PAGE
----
Japan and the Pacific, and a Japanese View of the Eastern Question (Google eBook)

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T. Fisher Unwin, 1890 - Eastern question - 265 pages
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Page 185 - that it is an essential principle of the law of nations that no Power can liberate itself from the engagements of a Treaty, nor modify the stipulations thereof, unless with the consent of the contracting Powers by means of an amicable arrangement*.
Page 281 - A Layman's Study of the English Bible Considered in its Literary and Secular Aspects. By FRANCIS BOWEN, LL.D. Crown 8vo., cloth, 4s. 6d. " Most heartily do we recommend this little volume to the careful study not only of those whose faith is not yet fixed and settled, but of those whose love for it and reliance on it grows with their growing years.
Page 147 - The Black Sea is neutralized ; its Waters and its Ports, thrown open to the Mercantile Marine of every Nation, are formally and in perpetuity interdicted to the Flag of War, either of the Powers possessing its Coasts, or of any other Power, with the exceptions mentioned in Articles XIV and XIX of the present Treaty.
Page 273 - This charming reprint has a fresh value added to it by the Introductory Essay of the Author of 'John Inglesant.'"— Academy.
Page 147 - Majesties engage, each on his part, to respect the independence and the territorial integrity of the •Ottoman Empire ; guarantee in common the strict observance of that •engagement, and will, in consequence, consider any act tending to to violation as a question of general interest.
Page 193 - If Batoum, Ardahan, Kars, or any of them shall be retained by Russia, and if any attempt shall be made at any future time by Russia to take possession of any further portion of the Asiatic territories of the Sultan, as fixed by the definitive Treaty of Peace, England engages to join the Sultan in defending them by force of arms.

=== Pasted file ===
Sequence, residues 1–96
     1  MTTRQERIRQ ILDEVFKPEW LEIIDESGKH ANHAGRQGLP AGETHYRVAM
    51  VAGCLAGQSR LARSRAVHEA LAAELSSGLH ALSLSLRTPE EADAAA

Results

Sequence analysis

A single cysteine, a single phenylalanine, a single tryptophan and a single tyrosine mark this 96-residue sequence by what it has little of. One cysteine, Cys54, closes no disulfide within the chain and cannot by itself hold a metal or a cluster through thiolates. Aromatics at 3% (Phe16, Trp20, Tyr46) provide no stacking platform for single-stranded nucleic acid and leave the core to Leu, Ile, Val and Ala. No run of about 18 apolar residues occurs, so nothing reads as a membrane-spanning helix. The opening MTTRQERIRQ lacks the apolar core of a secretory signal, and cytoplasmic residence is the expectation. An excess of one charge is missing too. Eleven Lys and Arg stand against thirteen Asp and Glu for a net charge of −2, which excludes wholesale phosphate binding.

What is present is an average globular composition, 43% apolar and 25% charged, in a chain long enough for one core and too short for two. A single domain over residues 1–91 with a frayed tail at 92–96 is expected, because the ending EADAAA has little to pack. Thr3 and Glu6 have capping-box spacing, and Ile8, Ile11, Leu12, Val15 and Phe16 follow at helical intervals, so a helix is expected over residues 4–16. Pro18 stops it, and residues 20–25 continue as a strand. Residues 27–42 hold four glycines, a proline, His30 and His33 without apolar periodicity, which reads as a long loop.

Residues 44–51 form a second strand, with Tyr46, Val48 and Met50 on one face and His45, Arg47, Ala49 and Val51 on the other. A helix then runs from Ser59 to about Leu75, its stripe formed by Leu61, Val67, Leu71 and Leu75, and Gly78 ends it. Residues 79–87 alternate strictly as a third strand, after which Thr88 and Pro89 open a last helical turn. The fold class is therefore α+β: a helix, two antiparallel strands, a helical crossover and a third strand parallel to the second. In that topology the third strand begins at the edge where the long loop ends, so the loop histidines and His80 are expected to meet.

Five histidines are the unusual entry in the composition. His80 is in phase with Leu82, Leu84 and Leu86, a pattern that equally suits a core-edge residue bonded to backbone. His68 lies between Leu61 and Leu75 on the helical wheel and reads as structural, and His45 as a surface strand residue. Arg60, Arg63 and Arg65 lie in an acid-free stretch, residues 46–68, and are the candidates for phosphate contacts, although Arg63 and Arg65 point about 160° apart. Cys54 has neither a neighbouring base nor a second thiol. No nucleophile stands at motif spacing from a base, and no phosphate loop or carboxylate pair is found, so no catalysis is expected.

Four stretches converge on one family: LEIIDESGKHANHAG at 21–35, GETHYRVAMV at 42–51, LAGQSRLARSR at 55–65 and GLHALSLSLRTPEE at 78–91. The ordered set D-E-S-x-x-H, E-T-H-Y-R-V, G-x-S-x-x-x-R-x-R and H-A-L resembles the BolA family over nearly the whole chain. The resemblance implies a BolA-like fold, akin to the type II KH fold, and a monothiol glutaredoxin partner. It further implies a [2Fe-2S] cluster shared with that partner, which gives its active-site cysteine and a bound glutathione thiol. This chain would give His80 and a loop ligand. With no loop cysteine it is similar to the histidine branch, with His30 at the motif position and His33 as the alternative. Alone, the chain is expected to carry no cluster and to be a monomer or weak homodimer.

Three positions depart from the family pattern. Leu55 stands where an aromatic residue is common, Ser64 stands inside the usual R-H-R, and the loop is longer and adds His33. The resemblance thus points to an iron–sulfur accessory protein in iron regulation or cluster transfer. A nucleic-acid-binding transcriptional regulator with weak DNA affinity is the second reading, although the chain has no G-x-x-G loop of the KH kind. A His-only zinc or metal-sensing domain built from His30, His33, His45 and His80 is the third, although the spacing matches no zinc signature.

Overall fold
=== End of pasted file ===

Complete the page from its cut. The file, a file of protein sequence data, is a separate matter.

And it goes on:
Page 129 - Our present repose is no more a proof of inability to act, than the state of inertness and inactivity in which I have seen those mighty masses that float in the waters above your town, is a proof that they are devoid of strength, and incapable of being fitted out for action. You well know...
Page 130 - You well know, Gentlemen, how soon one of those stupendous masses, now reposing on their shadows in perfect stillness, how soon, upon any call of patriotism, or of necessity, it would assume the likeness of an animated thing, instinct with life and motion — how soon it would ruffle, as it were, its swelling plumage — how quickly it would put forth all its beauty and its bravery, collect its scattered elements of strength, and awaken its dormant thunder. Such...
Page 272 - A graceful little sketch. . . . Drawn with full insight into the period described." — Spectator. " Pleasantly and carefully written. . . . The author lets the reader have a glimpse of Germany in the ' Sturm und Drang
Page 280 - Here, too, we have the clear exegetical insight, the lucid expository style, the chastened but effective eloquence, the high ethical standpoint, which secured for the earlier series a well-nigh unanimous award of commendation.

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